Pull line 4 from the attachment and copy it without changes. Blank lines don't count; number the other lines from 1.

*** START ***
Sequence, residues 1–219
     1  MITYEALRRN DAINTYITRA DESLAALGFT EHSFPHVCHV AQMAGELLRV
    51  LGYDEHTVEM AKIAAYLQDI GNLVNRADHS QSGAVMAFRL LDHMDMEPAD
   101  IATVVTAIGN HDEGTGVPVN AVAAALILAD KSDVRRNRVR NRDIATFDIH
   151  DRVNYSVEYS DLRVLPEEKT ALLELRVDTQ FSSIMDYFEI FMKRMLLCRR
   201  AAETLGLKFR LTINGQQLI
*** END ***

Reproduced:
   101  IATVVTAIGN HDEGTGVPVN AVAAALILAD KSDVRRNRVR NRDIATFDIH